A graphic designer has been left paralysed from the neck down and fighting for his life - after catching a common cold.
Derek Ledingham, 41, has spent the past seven-and-a half months in hospital after developing the rare Guillain-Barre syndrome.
The condition, which only affects one in two million people, attacks the body's peripheral nervous system off the back of a viral or bacterial infection such as the common cold.
He has only recently taken his first steps and has set his sights on being back home in Aberdeen by the end of the year.
"This year has been a write-off for me," he said. "I came into hospital and it was winter time and I'll leave in winter time."
Derek came down with a severe cold last New Year and was unable to shake it off for months.
But after playing in a football match for his team Shirlaws FC in March he woke the following day unable to move his legs.
When he finally arrived at Aberdeen Royal Infirmary for emergency treatment, doctors were initially baffled.
He had the symptoms of a severe stroke, but his heart was fine.
Within days he had lost control of his arms, was struggling to breathe and was transferred to intensive care, where his condition worsened until he was almost totally paralysed.
It was then that specialists realised he had Guillain-Barre syndrome.
Derek said: "I had a cold last New Year and I couldn't shake it.
"Eventually my runny nose stopped, but I kept on coughing. I started to feel really tired every single day and couldn't place why.
"I thought I maybe just needed a good weekend to catch up on my sleep. On the Sunday morning it started I woke up and felt like I had a dead leg. It was bizarre, but I didn't think anything of it."
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He went to his football team's match and pulled on his kit and played, despite feeling under the weather.
The next day he was an invalid.
He said: "On the Monday morning I woke up and both my legs were just gone.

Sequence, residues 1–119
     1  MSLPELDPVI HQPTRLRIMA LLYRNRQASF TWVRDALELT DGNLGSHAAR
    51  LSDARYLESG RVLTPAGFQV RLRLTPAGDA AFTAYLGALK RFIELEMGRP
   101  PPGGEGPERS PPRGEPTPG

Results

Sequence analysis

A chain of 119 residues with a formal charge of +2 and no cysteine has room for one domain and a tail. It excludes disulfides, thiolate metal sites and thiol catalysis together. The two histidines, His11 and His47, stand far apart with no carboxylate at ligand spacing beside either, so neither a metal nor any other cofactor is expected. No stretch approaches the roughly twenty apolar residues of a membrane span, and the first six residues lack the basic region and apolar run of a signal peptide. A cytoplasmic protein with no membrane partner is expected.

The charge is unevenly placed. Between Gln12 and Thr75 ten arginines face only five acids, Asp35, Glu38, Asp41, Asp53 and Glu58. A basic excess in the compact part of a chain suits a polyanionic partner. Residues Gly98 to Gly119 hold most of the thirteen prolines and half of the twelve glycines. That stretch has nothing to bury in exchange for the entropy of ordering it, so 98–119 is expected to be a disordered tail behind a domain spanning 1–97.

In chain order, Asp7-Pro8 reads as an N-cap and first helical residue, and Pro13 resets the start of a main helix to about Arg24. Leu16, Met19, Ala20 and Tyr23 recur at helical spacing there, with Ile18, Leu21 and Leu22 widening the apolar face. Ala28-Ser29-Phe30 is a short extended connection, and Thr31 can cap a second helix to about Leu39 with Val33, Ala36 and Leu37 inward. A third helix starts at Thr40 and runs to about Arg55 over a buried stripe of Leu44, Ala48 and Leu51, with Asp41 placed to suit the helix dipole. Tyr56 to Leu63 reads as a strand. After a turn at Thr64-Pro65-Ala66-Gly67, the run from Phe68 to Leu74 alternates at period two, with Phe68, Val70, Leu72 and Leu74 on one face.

"On the Tuesday morning when I woke, I couldn't get out of bed. I couldn't move my arms, I couldn't eat.
"They said you're going to get worse before you get better, but by mid-afternoon, I was struggling to breathe and I was hiked up to intensive care."
About 80% of people who contract Guillain-Barre syndrome do recover, but the process can take anywhere between several weeks and a year.
Derek said: "The first week or two I was saying 'why has it happened to me?' and then it was a case of saying 'it has happened to me and I'll fight it'.
"I'm quite determined - in this situation, you have to be. If you feel sorry for yourself you'll never get out of it.
"Now I can walk, I can feed myself. Every day I'm getting stronger and stronger."
The die-hard Aberdeen FC fan fears he will never play his beloved sport again.
Battling through the condition- he has made it to nearly every Dons home game with his pals.
He said: "I hope that everything heals to a point where I can live my life as normal and find a way to adapt, and lead a regular life, go to work Monday to Friday, and have a beer at the weekend.
"There's no reason why I shouldn't be able to do that in time and at least that is a positive thing.
"It's not the end of the world and my friends and family have kept me going."
Dad Alistair, 78, said: "He was pretty down for a while but things are looking up for him again now.
"His mates take him down to Pittodrie in a wheelchair taxi, I think that's been really good for him. It usually cheers him up - if they win of course."